Athlete Journal: Andrew Read, Entry 10 - Training With Pain
Journal Entry 10 - Training With Pain
What a difference a week makes.
Last week I was all excited about running and now I’m scared of it again. The week of my last journal entry I had a couple of runs and was fine. At the start of this week I had a great 6km run that was easy and fluid, and I had absolutely zero pain the next day. Perfect.
So you can imagine my surprise when I went out the door two days later and didn’t even get five minutes from home when the calf I tore started tightening up. I slowed down even more than my usual pace and kept on for another block or two to see if it would loosen up. It can be quite common that tears will be kind of sticky in the same area – the scar tissue can bind the muscle to the fascia so that it doesn’t move and contract freely.
However, I realized quickly it wasn’t getting better and so I turned around and came home. I normally run with a mid foot strike which does place more stress on the calves, so on my homeward journey I swapped to a heel strike to save my calf. While this feels like someone is hitting me in the back with a bat over and over again it takes some stress off my lower legs and allowed me to get home.
As I walked in the door I got straight on the phone to Matt Hopkinson at Glenferrie Physiotherapy to get it looked at. That trip was a good news/bad news kind of thing. Calf tears have a twenty-five percent chance of reoccurring and if it was a tear it was going to need another six weeks off to really make sure it was fully healed this time. With time quickly disappearing before Ironman training begins in earnest in October, I don’t have much spare time up my sleeve to get some miles in my legs.
Luckily his diagnosis was that it wasn’t torn, but just a natural protective reaction to the previous injury. After a rub and some ultrasound it was as good as new and has been pain free since. But I haven’t run on it again yet. The decision is to rest it until tomorrow and have a little run on it then.
I remember hearing Randy Couture say once that no one ever steps in the cage at a hundred percent. I’m not comparing what I am doing to letting people punch me in the face, but it does give me some solace. I’m not a big fan of letting my clients train in pain and I do my best not to do it myself. However, there comes a certain point where you decide whether or not you’re going to keep training for your competition and once you’ve made that decision you do whatever you can to get over the line. I’ve won a BJJ tournament on one leg, four days before having my hamstring reattached. I coached a girl through a half Ironman after she couldn’t run for six weeks before. The body is capable of ten times more than you think.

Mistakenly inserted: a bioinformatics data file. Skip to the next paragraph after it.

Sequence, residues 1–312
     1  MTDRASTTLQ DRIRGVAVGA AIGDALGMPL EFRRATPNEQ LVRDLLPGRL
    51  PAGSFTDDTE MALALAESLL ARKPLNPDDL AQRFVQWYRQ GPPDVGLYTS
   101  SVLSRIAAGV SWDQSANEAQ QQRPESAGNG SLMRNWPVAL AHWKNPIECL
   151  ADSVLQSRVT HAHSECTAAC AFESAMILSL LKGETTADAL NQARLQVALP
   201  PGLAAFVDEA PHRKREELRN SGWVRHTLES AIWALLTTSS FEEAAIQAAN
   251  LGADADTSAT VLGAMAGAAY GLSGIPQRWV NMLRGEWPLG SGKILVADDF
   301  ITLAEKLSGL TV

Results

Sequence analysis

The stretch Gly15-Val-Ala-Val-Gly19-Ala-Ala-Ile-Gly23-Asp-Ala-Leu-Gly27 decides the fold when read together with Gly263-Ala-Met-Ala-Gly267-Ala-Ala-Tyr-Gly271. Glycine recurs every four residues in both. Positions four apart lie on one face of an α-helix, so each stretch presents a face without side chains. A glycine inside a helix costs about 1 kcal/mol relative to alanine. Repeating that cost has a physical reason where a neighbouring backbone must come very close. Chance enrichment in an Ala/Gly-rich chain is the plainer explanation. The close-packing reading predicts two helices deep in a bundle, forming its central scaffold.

Anyone who says you should never train with pain has simply never really competed in anything in my eyes. When you push for the edge, and sadly for me just jogging around is the edge of my abilities at the moment, sometimes you go too far and fall off. Then you do whatever is necessary to get back on and keep going.
I’ve spent the last few days rolling my calf and feet with my TP Therapy tools and doing eccentric calf work and tons of stretching. When I initially reinjured the calf even turning in the pool was problematic, as the push off the wall would hurt. The last few days have been fine and I’ve done some extra swims to make up the missed run training so I’m hopeful that my short run tomorrow will be positive.
The bottom line is that old guys like me can’t afford to ever let their guard down against their injury prevention work regardless of the activity. Rolling, stretching, mobility, Primal Move, Indian clubs – all necessary tools to keep an older body ticking along and functioning well. So stay focused on the pre-training rituals as well as on the vital warm up and cool down aspects that allow your body to slowly adjust to working at a different speed and intensity. Otherwise you’ll find yourself sitting in the waiting room like I did hoping to hear good news instead of out training like you’re supposed to be.